Monday, April 28, 2008

How to Build a Woven Fence

Also called wattle, this kind of fencing is ancient; people have been building wattle fences for ages, because the materials are readily available and free, pluse the fence goes up really fast - and, it's fun!

I got up the guts to do this after reading an excellent article at Mother Earth News, which I found when I Googled "wattle fence". If you want to try this, I highly recommend reading this article first! The link is over to the right, under "Favorite Places on the Web."

Start with 2-3" around saplings, cut them down to about 1 foot longer than you want the fence to end up. Then - the hardest part, for me anyway - use a hatchet to make sharpened ends that will go into the ground easily.

Next, pound the stakes into the ground, about 14 inches apart and a foot deep. It's good to have help with this:

The boys are helping make pilot holes for the fence posts, using an old piece of bamboo that's pointy on one end.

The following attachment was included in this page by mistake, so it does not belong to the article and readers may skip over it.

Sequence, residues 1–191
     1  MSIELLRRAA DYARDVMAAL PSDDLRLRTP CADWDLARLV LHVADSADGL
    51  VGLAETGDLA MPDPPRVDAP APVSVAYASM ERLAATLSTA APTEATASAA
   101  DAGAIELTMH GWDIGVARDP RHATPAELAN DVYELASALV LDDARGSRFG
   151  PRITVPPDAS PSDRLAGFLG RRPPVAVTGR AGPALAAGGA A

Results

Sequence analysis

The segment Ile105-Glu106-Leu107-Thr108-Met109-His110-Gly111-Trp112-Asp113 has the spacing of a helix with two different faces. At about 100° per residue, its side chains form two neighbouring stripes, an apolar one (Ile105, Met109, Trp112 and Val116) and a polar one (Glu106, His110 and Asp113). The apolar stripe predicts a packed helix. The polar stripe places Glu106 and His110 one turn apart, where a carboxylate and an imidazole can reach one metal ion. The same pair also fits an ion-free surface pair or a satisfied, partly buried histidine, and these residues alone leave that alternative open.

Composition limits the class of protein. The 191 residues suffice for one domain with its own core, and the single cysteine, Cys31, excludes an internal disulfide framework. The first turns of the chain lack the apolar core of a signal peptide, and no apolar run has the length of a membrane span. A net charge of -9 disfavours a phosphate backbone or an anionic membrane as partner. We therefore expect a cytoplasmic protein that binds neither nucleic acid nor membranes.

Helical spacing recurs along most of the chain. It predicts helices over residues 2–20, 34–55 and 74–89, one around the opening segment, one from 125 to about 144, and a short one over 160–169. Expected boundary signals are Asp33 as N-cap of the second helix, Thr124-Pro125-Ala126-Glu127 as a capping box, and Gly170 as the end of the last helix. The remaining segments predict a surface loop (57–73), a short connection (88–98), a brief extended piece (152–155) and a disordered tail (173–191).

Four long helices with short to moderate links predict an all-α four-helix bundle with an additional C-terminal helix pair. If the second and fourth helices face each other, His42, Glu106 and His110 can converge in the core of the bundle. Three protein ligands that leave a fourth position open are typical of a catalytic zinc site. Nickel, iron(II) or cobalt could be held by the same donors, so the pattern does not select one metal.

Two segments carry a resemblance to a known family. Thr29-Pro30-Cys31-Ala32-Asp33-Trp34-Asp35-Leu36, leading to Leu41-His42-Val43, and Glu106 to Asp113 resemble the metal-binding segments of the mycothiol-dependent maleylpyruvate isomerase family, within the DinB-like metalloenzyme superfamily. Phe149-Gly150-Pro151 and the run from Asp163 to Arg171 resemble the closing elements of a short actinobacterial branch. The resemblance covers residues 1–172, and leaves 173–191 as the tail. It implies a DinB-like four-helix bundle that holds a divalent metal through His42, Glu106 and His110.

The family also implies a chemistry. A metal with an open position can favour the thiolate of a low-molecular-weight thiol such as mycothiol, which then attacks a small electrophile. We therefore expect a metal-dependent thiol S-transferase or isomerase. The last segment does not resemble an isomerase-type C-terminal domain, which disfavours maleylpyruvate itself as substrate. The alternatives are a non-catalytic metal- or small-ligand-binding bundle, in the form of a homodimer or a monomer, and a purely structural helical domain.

Finally, gather some pliable saplings, less than 1" around at the thickest point and at least 6' long. Trim them of twigs and branches, and weave them in among the posts so that they look like this:

We'll gather more branches this week, and bring the fence all the way to the top of the posts. We also took this opportunity to turn our weedy, grassless front yard into a garden, with plants donated by a dear friend whose garden is about to be turned into a fabulous addition.

I feel so grateful, not just for the plants, but for the help of my boys, and the enjoyment of looking outside and seeing something that we built with our own hands. I am a lucky woman to have so much!


wattler novice said...

many thanks for this--I have rcently moved and have had to trim back quite a few trees--it seemed a shame to just throw out all the branches--I will give it a go!
Have a good one

Jade Graham said...

The mosaic glass mirror was a DIY project that Suchi completed with some very fine results. A miniature Eiffel Tower tuned into a ring stand paired with a Turkish soap box (that also serves as additional storage for her rings.) chain link fence estimator